Is Alzheimer’s Hereditary?

Is Alzheimer's Disease Hereditary? - Seniors Lifestyle Magazine

NATIONWIDE, THERE ARE 5.8 million people in the U.S. living with Alzheimer’s disease, according to the Alzheimer’s Association – and the number is expected to balloon to 14 million by 2050. In large part, the increase is attributable to the nation’s aging population, as age is a risk factor for getting Alzheimer’s. The degenerative disease is the sixth-leading cause of death in the U.S., responsible for more deaths than breast cancer and prostate cancer combined. 

Researchers believe there’s no one cause of Alzheimer’s. “A significant challenge to better treating and preventing Alzheimer’s disease is that we don’t know exactly what causes it – but researchers believe it is complex and involves multiple factors,” says Keith N. Fargo, director of scientific programs and outreach at the Alzheimer’s Association. Researchers suspect the disease develops from an array of factors that include advancing age, genetics, lifestyle, environment and co-existing medical conditions like diabetes. Two abnormal structures called plaques and tangles are prime suspects in damaging and killing nerve cells in the brain that lead to Alzheimer’s disease, Fargo says. Plaques are deposits of a protein fragment that build up in the spaces between nerve cells. Tangles are twisted fibers of a protein called tau that build up inside cells. Most experts believe plaques and tangles play a critical role in blocking communication among brain cells and disrupting processes that the cells need to survive,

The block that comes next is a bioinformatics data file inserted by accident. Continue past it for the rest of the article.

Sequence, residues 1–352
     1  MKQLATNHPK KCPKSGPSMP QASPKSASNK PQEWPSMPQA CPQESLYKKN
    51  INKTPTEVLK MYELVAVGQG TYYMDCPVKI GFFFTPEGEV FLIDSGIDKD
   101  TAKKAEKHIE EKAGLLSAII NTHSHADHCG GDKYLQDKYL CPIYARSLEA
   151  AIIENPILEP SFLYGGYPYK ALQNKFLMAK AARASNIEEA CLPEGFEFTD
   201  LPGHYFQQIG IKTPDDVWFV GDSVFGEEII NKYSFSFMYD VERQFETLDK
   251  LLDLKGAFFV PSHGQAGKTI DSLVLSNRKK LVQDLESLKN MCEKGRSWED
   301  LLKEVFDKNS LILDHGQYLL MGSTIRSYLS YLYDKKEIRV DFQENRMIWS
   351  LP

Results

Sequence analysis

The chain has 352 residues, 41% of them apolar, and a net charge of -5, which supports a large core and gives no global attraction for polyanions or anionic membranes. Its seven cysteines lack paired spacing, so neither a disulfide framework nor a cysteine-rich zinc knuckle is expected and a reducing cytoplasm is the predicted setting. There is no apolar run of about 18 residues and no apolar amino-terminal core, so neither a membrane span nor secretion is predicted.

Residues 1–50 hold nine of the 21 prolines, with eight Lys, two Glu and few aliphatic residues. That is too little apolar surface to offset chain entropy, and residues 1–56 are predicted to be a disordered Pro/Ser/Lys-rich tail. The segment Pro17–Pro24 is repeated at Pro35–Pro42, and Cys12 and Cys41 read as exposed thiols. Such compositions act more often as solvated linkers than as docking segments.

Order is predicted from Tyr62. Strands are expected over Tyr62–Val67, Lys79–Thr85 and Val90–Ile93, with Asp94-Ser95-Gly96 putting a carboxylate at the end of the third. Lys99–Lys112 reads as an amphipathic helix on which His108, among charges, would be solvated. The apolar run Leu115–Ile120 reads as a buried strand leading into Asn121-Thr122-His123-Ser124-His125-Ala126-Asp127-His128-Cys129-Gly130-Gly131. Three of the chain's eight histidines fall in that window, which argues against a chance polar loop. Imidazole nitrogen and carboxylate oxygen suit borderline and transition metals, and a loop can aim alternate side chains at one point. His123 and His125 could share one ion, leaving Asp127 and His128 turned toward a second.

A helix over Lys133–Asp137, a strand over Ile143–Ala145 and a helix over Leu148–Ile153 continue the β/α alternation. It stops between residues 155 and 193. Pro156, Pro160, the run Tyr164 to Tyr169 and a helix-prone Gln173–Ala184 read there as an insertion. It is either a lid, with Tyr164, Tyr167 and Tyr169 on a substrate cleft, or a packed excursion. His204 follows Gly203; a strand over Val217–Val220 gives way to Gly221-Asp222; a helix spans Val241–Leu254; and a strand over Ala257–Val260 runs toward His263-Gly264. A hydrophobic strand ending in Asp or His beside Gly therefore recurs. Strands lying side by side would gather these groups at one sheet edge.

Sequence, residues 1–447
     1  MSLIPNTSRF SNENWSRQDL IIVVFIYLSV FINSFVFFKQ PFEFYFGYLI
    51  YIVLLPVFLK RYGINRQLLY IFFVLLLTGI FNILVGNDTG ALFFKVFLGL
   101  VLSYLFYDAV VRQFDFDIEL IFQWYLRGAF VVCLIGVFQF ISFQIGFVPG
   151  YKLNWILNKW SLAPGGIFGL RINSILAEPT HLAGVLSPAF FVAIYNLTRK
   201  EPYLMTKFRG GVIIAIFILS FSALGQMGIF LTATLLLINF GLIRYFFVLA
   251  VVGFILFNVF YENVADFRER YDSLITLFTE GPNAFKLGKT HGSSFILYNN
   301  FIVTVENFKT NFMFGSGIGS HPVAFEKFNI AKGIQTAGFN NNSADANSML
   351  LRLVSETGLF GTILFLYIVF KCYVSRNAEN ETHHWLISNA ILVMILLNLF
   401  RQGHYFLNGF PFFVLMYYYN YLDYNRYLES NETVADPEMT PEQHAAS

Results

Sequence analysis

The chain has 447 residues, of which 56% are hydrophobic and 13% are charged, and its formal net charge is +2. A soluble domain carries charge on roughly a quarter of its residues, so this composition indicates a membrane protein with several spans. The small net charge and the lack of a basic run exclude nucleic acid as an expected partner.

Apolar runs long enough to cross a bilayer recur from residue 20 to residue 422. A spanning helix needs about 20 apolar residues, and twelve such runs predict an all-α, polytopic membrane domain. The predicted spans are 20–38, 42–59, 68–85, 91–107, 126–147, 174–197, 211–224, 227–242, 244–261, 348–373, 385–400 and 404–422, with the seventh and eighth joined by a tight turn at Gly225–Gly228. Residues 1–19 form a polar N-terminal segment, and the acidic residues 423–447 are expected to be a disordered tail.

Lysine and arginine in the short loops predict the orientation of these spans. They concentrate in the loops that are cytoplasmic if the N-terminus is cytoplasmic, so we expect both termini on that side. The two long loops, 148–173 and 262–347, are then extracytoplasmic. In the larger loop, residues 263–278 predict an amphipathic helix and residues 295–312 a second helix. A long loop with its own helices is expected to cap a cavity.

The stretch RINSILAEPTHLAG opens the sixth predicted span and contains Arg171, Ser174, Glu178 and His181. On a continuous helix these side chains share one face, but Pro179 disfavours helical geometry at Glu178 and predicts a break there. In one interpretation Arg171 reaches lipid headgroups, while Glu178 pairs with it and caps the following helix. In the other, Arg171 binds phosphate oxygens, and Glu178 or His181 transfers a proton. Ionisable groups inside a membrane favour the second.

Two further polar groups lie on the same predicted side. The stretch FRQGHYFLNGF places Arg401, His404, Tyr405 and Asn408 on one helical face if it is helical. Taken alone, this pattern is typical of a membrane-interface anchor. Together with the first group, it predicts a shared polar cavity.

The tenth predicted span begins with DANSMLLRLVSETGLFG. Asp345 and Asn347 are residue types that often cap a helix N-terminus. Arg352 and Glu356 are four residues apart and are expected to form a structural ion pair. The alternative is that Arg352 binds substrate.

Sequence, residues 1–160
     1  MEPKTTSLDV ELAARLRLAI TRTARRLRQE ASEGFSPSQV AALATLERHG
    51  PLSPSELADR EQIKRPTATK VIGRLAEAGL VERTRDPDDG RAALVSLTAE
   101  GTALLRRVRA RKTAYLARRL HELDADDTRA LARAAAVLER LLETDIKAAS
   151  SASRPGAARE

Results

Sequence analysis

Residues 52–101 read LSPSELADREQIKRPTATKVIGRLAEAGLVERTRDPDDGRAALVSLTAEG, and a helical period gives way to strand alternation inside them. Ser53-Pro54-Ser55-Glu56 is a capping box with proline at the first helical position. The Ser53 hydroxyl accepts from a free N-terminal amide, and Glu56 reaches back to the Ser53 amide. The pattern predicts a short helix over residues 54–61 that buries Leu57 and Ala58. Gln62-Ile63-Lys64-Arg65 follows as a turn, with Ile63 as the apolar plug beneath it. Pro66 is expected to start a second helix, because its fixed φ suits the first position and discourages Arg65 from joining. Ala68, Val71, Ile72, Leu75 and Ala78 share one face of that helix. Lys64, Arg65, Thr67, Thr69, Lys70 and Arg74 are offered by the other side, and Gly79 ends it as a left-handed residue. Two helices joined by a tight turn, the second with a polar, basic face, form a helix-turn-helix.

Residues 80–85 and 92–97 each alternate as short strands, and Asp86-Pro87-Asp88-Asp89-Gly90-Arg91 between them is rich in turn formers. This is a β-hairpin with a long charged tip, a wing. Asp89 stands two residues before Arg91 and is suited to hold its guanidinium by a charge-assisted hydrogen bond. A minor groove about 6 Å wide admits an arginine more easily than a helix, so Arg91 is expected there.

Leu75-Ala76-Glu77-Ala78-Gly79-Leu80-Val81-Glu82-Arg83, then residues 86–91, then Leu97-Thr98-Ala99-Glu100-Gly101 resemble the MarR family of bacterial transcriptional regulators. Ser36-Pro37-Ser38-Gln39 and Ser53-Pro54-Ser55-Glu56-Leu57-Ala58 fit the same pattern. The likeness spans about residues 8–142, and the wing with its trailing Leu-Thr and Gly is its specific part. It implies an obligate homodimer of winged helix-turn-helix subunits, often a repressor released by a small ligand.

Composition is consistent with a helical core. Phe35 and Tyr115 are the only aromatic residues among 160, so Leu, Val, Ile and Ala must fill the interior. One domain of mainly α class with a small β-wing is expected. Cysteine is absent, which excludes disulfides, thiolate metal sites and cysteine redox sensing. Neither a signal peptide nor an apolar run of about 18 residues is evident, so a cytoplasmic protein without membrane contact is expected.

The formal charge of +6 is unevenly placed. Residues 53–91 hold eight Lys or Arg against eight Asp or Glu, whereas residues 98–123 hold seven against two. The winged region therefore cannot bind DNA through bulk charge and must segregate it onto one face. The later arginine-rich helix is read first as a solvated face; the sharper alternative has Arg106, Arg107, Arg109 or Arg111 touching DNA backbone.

Fargo says. 

Heredity is definitely a risk factor for Alzheimer’s. However, a small percentage of Alzheimer’s cases are caused by heredity alone, researchers believe. Alzheimer’s is by far the most common type of dementia; it accounts for 60% to 80% of dementia cases, according to the Alzheimer’s Association. Here are some major risk factors for Alzheimer’s:

Strategies to Slow the Onset of Alzheimer’s

There’s no cure for Alzheimer’s, and you can’t dodge the hereditary component because you can’t choose your parents. However, there are strategies you can undertake to slow its onset, Tesi says:

  • Eat a healthy diet.
  • Exercise regularly.
  • Don’t smoke. 
  • Maintain a healthy weight.
  • Remain socially engaged.

By Ruben Castaneda